signals of a coming storm in a neighborhood of strangers,
is that first death, polished wood and Uncle's cold hand
when I was nine, the relatives and friends gone since then,
my futile guilt and anger, the failed language of regret [. . . .]

Details are concrete and readily accessible in a Butts' poem, as these lines from "Ash" show:

Friends gather in their groups of memory
and celebrate the bodiless click and song
of a darkened wood, the restored house
with its three windows edged by blue,
red and crystalline squares of stained glass,
the raised arms of a luminescent green Buddha, [. . . ]

Other subjects — what Butts calls the "obsessions" out of which he and every poet write — range across family and childhood, friendship, work, and a deep interest in film noir. Place (he deems New Hampshire a "terrific environment in which to write") also is important, both to provide context for recollecting what was and to anchor the poet as narrator in the present. Butts' poem "At the Merrimack" (referenced in Resources, below) is a particularly good example of being in place and also looking back.

Poems by Butts have appeared in numerous literary publications, including The Cafe Review, Cider Press ReviewPoetry East, Mid-American Review, Birmingham Poetry ReviewAtlanta Review, Cimarron Review, The Contemporary ReviewPoet LoreThe Fourth River, and The Saranac Review. His work also is found in the 2010 Poets' Guide to New Hampshire (Poetry Society of New Hampshire), and Leaves By Night, Flowers By Day (Iowa Source, 2006; 1st World Publishing, 2007), and a number of other anthologies (go here for a more complete list).

Butts, an associate professor at Hesser College/Manchester who also conducts poetry workshops at the University of New Hampshire and teaches, in Vermont, in Goddard College's Creative Writing Program, has been nominated several times for the Pushcart Prize in poetry. He also has received a Massachusetts Artists Foundation Fellowship Award.


All Poetry Excerpts © Walter E. Butts

* Jane Crown, Interview with Walter E. Butts, The Jane Crown Show (BlogTalkRadio), November 10, 2010 (Butts also reads his poetry during this interview, which ranges over his influences, subjects of poems, what Butts intends to accomplish as Poet Laureate, and his teaching career. It's an informative interview and worth your time.)

** Andrew J. Manuse, "Express Q&A: The Poet Laureate: Conversations with People Who Help Define Manchester", Manchester Express, March 2, 2009 (In this feature, Butts speaks directly to his intentions as Poet Laureate, his writing style, living in New England, and how he "defines" himself through his poetry.)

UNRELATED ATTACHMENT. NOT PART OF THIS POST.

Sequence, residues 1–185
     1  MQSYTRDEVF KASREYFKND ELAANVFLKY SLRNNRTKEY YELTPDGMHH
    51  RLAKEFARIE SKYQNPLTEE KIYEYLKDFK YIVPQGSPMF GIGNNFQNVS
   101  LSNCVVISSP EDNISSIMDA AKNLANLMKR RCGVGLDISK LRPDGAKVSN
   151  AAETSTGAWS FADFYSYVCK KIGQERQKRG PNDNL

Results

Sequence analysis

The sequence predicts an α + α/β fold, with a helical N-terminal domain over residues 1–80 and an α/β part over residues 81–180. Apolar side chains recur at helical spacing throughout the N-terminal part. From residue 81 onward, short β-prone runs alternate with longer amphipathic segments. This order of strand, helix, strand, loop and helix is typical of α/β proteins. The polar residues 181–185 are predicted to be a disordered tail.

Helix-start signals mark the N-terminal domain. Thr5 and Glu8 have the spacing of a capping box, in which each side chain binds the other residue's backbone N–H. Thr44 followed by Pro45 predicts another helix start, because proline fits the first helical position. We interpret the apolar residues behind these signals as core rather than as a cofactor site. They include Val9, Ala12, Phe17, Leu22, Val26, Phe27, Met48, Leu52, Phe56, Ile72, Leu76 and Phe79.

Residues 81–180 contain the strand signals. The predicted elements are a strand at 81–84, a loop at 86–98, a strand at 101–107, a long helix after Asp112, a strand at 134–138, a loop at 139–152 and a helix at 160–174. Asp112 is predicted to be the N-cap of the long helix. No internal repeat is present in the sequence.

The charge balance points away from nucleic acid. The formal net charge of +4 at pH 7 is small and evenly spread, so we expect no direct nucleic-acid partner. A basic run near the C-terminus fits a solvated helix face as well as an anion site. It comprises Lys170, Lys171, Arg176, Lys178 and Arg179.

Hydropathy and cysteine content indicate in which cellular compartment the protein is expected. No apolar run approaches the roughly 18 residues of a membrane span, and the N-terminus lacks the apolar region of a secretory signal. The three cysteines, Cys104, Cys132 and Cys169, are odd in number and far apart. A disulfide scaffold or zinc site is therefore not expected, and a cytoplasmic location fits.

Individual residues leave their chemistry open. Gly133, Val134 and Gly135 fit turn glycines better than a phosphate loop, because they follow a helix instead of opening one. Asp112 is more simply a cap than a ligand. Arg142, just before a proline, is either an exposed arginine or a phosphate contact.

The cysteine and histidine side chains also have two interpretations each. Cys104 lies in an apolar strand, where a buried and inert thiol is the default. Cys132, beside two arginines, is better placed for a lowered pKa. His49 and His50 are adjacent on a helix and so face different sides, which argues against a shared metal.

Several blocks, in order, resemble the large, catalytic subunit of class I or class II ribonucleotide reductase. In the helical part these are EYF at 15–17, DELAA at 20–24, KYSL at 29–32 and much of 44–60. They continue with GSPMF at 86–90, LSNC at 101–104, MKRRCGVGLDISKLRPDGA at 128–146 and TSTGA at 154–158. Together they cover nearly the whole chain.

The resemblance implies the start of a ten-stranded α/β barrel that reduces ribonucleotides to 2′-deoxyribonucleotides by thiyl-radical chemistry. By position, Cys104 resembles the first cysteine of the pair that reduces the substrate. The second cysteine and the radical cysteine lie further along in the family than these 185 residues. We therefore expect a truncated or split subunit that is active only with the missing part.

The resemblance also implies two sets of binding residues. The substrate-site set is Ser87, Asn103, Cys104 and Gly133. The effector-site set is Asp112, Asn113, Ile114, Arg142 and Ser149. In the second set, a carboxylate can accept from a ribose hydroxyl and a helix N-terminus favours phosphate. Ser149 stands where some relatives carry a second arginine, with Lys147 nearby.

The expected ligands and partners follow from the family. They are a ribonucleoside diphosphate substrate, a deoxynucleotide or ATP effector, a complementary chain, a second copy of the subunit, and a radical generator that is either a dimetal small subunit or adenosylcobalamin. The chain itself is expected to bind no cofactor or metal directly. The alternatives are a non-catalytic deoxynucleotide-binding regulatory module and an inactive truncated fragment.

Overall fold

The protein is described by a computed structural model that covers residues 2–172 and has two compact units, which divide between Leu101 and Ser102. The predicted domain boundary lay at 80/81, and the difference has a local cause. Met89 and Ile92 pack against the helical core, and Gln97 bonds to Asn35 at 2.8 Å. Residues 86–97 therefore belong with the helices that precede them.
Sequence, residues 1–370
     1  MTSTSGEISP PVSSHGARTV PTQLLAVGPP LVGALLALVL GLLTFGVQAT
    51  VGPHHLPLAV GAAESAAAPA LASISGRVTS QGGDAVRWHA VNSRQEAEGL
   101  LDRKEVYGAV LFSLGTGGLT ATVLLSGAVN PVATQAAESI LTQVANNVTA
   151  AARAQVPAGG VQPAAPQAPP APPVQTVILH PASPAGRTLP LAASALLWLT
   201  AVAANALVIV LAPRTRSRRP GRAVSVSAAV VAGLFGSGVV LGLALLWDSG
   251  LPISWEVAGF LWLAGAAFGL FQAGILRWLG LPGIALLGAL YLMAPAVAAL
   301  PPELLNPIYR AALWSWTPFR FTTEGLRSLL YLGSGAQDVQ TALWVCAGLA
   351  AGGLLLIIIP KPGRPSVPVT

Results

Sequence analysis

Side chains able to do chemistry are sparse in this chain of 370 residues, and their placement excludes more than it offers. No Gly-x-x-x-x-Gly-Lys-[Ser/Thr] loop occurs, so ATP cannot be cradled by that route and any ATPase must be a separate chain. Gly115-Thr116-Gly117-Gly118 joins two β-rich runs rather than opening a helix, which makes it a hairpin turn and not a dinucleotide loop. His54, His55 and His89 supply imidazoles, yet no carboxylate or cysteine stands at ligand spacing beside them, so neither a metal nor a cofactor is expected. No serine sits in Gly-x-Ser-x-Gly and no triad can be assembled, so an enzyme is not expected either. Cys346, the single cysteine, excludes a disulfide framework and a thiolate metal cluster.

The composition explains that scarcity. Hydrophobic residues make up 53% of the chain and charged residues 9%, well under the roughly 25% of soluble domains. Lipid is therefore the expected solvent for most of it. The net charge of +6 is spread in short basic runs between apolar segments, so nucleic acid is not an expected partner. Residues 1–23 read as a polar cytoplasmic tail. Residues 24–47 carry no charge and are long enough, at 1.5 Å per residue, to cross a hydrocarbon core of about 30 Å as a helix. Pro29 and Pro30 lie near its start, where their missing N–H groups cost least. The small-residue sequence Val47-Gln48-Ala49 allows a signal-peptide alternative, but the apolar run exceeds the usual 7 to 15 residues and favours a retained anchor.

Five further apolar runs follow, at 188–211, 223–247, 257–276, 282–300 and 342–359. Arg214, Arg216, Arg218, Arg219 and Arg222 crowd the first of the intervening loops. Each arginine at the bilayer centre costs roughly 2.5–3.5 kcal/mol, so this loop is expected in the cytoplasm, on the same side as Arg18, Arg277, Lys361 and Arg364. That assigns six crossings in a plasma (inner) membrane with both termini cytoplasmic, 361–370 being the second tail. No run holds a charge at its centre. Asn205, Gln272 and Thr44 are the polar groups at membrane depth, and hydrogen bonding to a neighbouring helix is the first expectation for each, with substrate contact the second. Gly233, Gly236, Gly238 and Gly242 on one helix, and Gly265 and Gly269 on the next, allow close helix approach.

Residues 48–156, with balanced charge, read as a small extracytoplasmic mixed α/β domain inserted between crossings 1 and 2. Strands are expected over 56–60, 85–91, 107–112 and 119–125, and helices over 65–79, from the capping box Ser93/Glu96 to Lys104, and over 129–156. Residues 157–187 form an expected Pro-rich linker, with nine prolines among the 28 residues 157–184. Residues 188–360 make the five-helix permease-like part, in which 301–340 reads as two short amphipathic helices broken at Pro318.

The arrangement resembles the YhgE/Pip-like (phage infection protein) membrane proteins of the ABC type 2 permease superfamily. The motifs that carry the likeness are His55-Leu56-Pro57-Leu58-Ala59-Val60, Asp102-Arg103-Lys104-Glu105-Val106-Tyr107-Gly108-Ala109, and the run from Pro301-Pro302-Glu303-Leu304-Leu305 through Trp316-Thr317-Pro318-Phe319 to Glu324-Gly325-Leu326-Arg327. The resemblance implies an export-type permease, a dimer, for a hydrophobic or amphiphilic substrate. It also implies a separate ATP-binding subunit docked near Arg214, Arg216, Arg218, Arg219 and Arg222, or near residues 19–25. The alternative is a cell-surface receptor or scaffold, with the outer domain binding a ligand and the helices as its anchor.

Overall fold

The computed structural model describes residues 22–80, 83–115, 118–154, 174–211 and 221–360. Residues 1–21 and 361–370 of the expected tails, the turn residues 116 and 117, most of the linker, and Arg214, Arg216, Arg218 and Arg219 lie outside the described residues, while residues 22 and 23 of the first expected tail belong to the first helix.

Mary A. Russell, "New Hampshire's Poets Laureate", Book Notes, Vol. 2, Supplement, April 2006

"Poet Laureate Seeks to Provide Opportunities for Others" (Video and Text), NECN, March 10, 2009

Walter E. Butts' Poems Online: "Boys at the Saturday Matinee", "Porcelain", and "Ash" at Tower JournalFall 2010; "At the Merrimack" in Manchester Express interview with Andrew Manuse; "Against Happiness" at The Iowa Source; "The Lake", "The Garden", and "What To Say If the Birds Ask", all from What to Say If the Birds Ask at Butts' Website; "Sunday Evening at the Stardust Cafe", "Magic Acts", and "Selling the Church", all from Sunday Evening at the Stardust Cafe at Butts' Website; "Sunday Factory" from Sunday Factory; and "Two Parades: 1954" from White Bees ("Two Parades" also appears at Oyster Press.)

The Frost Place (Franconia, New Hampshire)

Goddard College News Release on Butts' Appointment as Poet Laureate

Goddard College Profile and Publications List for Butts

The Iowa Source 

Poetry Out Loud Competition

New Hampshire Center for the Book

New Hampshire State Council on the Arts

NHSCA Poet Laureate Page

New Hampshire Writers' Project (This group sponsors the annual Concord Literary Festival in which Butts participates.) Page for New Hampshire

Poetry Society of New Hampshire

Walter E. Butts on FaceBook


Anonymous said...

this morning i went off to read "at the merrimack"
and forgot to come back.

enjoyable post.

Hannah Stephenson said...

This is such a great series, Maureen. I am so thankful that you do it--I learn such interesting things here at your blog.

Poets and Writers mag really needs to hire you to do this as a column for them! :)

A. Jay Adler said...

That's an impressive list of New Hampshire laureates.